air and ground vehicles at this scale should consider power needs, and very little about this important consideration was presented.

ARL Millimeter-Scale Aerial Platforms This project’s objective is to provide the Army with a low-cost, low-observable, mobile sensor platform using PZT and MEMS technology. The study is focused on a feasibility analysis of millimeter-scale robotics. Key challenges in this work include developing and integrating appropriate power sources at this length scale, providing adequate load-bearing capacity for flight vehicles designed using MEMS production techniques, and appropriate framing of the mobility design problem. The focus resides in studying flapping-wing propulsive devices to look at aerial vehicles ranging in mass from tens to hundreds of mg. There is significant dependence on the promise of thin-film battery technology for delivering the power needs for this project.

The approach completely embraces the idea of build-and-fly test concepts, with a focus on MEMS production techniques. Very simplistic aerodynamic theories are used to predict the flight characteristics of these devices, and further improvement is promised as other portions of MAST provide the necessary tools for more refined analysis. To date, the work has resulted in millimeter-scale flapping-wing designs that have been demonstrated on static test rigs. At this length scale, this work represents the state of the art and is one of the most promising developments at ARL in this area. A significant amount of formal design work (including coupled multidisciplinary analysis and optimization, albeit with simplified analysis modules) has been performed in support of this project. Understandably, the work has been well received in the literature, as evidenced by both conference and archive journal papers. The lack of more robust aerodynamic calculations should not hold back this development. The requirements of mechanical power, however, could be a major impediment to success. Parallel developments at appropriate power electronics to get the voltages required for appropriate deformations in pitch and flap should be a continuing focus in this regard.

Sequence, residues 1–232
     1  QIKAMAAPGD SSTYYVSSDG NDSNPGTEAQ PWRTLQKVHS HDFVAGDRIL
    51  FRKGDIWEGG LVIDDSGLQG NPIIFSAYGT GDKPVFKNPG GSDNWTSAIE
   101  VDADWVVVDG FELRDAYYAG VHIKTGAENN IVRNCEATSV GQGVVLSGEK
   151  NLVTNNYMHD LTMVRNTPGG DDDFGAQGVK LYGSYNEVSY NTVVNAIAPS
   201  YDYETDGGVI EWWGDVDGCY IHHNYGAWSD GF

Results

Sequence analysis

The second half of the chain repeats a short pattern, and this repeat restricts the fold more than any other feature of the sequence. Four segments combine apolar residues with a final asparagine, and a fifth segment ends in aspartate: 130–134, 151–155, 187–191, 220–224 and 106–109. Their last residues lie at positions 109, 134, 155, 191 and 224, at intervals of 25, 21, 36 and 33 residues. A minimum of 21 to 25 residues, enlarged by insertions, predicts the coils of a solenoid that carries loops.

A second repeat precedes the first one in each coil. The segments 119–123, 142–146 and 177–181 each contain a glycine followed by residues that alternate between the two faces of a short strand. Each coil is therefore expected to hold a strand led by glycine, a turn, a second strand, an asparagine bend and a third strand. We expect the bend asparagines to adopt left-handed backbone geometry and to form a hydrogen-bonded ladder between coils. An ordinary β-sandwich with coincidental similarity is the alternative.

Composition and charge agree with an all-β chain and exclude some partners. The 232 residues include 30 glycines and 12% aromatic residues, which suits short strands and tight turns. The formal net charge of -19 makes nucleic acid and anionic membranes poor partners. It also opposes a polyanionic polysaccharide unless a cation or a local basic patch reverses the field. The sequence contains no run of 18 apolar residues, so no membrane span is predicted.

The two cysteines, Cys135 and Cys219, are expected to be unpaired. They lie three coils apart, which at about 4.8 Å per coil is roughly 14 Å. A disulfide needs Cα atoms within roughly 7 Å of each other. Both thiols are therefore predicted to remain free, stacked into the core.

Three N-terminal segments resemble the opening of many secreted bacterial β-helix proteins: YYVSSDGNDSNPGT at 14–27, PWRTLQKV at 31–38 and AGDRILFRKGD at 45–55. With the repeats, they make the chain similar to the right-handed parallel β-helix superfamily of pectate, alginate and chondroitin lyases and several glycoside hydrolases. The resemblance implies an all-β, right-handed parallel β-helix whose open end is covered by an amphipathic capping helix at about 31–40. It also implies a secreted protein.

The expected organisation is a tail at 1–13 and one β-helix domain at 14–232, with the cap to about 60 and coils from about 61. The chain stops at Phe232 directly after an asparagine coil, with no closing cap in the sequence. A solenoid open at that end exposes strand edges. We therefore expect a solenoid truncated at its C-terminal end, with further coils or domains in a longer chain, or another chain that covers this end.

Overall Technical Quality

ARL is to be complimented for the range of robotics sizes and the different types of mobility devices in its robot research portfolio. Also, the research portfolio is well balanced in terms of analysis and physics-based modeling and experiments. It addresses real-world effects and has great focus on meeting a specific need. Metrics are fairly well defined, and the inherent requirement of a test vehicle drives the system thinking and approach. The work on the “micro flyers” and legged robotic systems are best-in-class. There was a good portfolio of vehicles and platforms from small scale to meso- and microscale. Specific efforts were judged to be leading the state of the art in their areas. Briefers are aware of and addressed the system perspective. A candidate area for increased emphasis is discrete awareness of mission, sensors, and power requirements to meet the application vision and scenario. The efficiency of existing robotic systems in transferring energy from the engine to the environment is still several orders of magnitude worse than biological devices, and therefore continued work in this area is required. Because of the burden imposed on soldiers by battery packs and robots’ limited time on mission, research that improves the overall energy density and the efficiency of converting energy to motion is required. In particular, research on the combustion of small JP-8 combustion engines and research on the efficient creation and transfer of force to the environment should be added to the research portfolio.

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